7. A magnetic sensor which detects external magnetic fields comprising:
a bobbin having a longitudinal direction along which a diameter of the bobbin varies so that a central portion of the bobbin has a smaller diameter than a remainder of the bobbin;
an elongated magnetic core positioned within the bobbin and extending along the longitudinal direction of the bobbin; and
a coil wound on the periphery of said bobbin about at least a central portion of the magnetic core, wherein,
the number of turns of the coil along the central portion of the bobbin is greater than that of the coil along the remainder of the bobbin,
an outer diameter of a periphery defined by said coil is substantially uniform along the longitudinal direction of said bobbin,
the external magnetic field influences the coil inductance, which influence is detected therein, to detect the external magnetic fields, and
said coil is wound so as to be thicker between its outer periphery and the outer periphery along the central portion of the bobbin than between its outer periphery and the outer periphery of the remaining portion of the bobbin.
8. A magnetic sensor which detects external magnetic fields comprising:
a bobbin having a longitudinal direction along which a diameter of the bobbin varies so that a central portion of the bobbin has a smaller diameter than a remainder of the bobbin, said periphery of said bobbin tapering from an outer end to the central portion so as to impart a concave surface about the outer periphery of the bobbin;
an elongated magnetic core positioned within the bobbin and extending along the longitudinal direction of the bobbin; and
a coil wound on the periphery of said bobbin about at least a central portion of the magnetic core, wherein,
the number of turns of the coil along the central portion of the bobbin is greater than that of the coil along the remainder of the bobbin,
an outer diameter of a periphery defined by said coil is substantially uniform along the longitudinal direction of said bobbin,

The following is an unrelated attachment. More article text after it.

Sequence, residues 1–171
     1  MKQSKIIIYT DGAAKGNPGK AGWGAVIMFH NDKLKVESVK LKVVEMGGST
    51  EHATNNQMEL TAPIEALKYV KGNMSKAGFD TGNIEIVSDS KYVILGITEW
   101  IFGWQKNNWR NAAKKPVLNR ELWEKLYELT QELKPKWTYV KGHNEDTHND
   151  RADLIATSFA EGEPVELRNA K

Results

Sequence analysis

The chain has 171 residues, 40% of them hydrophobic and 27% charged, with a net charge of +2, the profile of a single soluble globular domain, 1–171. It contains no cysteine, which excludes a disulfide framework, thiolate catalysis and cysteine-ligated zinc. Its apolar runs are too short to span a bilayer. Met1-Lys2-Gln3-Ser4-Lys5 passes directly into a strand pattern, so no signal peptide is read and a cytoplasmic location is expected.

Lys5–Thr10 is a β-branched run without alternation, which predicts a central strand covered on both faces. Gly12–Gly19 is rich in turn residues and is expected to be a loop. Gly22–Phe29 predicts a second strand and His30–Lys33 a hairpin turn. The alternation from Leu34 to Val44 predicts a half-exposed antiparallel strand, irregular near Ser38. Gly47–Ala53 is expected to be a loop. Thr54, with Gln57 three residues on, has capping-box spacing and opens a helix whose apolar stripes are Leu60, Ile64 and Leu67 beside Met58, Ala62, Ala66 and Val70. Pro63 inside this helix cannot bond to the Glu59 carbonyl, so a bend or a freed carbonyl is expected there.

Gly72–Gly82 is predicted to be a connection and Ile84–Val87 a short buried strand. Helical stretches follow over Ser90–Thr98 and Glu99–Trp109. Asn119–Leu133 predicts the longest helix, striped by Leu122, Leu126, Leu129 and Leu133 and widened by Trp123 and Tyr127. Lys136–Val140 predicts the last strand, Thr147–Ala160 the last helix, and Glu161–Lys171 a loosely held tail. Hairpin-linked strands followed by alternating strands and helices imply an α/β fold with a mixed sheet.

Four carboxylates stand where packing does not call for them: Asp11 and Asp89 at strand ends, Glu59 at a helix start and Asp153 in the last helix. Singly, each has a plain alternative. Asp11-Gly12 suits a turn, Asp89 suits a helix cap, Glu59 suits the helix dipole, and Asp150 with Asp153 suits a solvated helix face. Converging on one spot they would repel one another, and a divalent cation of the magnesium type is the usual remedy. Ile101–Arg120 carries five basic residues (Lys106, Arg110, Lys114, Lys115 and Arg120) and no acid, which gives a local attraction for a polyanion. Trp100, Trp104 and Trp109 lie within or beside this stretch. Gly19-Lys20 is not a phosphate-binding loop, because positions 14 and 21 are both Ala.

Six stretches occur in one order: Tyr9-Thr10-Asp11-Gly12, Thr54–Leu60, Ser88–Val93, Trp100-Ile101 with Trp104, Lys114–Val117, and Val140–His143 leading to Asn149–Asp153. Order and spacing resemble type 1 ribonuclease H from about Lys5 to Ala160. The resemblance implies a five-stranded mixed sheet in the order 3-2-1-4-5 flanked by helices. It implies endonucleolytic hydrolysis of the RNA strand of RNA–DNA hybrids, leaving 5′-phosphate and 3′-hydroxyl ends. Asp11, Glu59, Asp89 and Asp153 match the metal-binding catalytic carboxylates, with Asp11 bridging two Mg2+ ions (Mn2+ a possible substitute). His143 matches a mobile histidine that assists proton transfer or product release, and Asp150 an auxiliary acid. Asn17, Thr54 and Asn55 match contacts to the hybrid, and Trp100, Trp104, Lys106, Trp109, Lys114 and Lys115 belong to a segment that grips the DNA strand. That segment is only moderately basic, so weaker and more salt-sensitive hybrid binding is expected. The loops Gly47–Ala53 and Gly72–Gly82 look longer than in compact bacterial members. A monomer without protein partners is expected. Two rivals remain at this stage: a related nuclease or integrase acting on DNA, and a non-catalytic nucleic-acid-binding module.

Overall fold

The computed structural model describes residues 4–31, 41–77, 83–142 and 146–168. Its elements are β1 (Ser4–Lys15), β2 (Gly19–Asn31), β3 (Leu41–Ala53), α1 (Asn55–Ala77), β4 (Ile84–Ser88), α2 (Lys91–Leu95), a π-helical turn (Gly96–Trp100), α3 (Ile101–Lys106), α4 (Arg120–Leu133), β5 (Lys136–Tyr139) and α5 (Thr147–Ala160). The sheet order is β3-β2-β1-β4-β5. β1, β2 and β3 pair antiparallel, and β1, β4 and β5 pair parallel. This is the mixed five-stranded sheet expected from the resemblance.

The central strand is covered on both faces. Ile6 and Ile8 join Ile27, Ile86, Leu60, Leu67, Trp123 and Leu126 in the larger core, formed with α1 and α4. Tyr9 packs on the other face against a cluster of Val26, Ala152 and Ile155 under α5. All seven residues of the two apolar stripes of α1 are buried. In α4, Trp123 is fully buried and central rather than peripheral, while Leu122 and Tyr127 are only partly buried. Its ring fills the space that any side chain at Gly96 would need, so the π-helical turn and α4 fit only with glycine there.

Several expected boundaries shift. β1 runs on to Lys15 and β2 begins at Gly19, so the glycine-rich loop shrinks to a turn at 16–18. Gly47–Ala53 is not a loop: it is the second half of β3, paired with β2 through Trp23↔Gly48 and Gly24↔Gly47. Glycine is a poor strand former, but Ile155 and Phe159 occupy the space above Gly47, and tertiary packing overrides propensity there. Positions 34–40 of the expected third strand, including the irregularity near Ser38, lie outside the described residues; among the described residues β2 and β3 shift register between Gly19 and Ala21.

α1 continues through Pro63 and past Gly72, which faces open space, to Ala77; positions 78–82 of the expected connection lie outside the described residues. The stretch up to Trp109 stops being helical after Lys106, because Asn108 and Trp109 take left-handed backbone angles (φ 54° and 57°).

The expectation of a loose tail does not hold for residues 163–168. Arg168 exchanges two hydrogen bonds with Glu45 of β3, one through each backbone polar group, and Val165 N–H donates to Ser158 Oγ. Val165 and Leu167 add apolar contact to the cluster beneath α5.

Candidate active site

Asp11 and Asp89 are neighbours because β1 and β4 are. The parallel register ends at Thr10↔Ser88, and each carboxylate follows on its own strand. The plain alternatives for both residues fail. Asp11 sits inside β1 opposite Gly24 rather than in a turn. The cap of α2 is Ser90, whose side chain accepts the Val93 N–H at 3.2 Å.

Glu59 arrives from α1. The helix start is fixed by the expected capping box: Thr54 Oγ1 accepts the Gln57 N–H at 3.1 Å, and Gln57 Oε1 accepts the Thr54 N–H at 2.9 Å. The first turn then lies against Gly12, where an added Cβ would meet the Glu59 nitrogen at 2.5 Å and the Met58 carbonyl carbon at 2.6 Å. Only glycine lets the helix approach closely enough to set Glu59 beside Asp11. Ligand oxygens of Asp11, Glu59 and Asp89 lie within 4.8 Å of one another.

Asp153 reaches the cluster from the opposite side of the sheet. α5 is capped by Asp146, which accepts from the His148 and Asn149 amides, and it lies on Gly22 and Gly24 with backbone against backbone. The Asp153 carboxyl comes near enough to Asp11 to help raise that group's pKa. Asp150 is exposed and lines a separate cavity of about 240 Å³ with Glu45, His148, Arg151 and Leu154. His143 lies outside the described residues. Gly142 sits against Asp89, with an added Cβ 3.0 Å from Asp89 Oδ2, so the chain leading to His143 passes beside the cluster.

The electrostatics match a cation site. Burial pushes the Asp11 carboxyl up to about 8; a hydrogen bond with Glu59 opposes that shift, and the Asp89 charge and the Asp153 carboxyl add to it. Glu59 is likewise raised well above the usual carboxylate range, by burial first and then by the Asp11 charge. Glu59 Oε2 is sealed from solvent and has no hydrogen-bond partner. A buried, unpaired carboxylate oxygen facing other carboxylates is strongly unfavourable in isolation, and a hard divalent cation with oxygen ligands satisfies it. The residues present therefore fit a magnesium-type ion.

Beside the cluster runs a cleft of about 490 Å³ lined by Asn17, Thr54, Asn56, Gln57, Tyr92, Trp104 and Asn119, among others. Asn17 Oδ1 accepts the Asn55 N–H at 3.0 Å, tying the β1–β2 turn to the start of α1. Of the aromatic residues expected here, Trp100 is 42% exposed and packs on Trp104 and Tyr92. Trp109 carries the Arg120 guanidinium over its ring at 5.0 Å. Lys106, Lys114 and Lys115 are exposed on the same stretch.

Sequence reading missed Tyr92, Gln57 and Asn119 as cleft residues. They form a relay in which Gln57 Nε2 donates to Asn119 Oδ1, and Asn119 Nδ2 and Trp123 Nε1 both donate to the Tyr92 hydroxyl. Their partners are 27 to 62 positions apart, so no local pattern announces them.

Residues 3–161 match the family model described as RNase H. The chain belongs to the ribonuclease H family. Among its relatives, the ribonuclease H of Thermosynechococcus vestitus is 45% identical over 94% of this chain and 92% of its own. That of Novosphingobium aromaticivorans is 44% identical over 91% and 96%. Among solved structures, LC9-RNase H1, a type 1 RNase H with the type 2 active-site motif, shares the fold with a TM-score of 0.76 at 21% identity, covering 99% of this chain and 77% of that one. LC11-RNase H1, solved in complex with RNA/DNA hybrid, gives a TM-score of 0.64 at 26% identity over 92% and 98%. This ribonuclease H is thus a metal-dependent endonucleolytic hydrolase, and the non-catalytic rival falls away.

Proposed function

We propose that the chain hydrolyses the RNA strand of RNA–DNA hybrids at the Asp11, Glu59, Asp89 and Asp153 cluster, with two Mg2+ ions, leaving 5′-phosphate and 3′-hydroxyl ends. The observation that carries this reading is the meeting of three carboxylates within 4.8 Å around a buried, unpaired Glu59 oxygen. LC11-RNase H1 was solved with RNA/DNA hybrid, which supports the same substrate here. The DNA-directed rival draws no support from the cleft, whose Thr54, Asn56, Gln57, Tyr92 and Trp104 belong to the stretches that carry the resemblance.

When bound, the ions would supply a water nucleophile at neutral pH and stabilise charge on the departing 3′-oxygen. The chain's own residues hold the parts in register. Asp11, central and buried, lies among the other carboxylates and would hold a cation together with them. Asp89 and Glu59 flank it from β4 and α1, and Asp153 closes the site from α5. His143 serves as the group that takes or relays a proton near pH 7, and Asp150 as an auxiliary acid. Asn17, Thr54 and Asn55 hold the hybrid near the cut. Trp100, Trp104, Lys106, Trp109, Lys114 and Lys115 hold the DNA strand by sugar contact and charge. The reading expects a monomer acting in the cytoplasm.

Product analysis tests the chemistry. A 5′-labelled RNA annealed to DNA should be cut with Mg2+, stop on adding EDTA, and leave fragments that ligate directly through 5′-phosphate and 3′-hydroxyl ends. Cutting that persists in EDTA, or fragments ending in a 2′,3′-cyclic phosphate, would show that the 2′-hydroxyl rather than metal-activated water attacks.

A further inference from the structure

the external magnetic field influences the coil inductance, which influence is detected therein, to detect the external magnetic fields, and
said coil is wound so as to be thicker between its outer periphery and the outer periphery along the central portion of the bobbin than between its outer periphery and the outer periphery of the remaining portion of the bobbin.
9. A magnetic sensor which detects external magnetic fields comprising:
a bobbin having a longitudinal direction along which a diameter of the bobbin varies so that a central portion of the bobbin has a smaller diameter than a remainder of the bobbin, the periphery of the bobbin having a recessed portion formed in the central portion so as to impart a stair step shape to the periphery of the bottom;
an elongated magnetic core positioned within the bobbin and extending along the longitudinal direction of the bobbin; and
a coil wound on the periphery of said bobbin about at least a central portion of the magnetic core, wherein,
the number of turns of the coil along the central portion of the bobbin is greater than that of the coil along the remainder of the bobbin,
an outer diameter of a periphery defined by said coil is substantially uniform along the longitudinal direction of said bobbin,
the external magnetic field influences the coil inductance, which influence is detected therein, to detect the external magnetic fields, and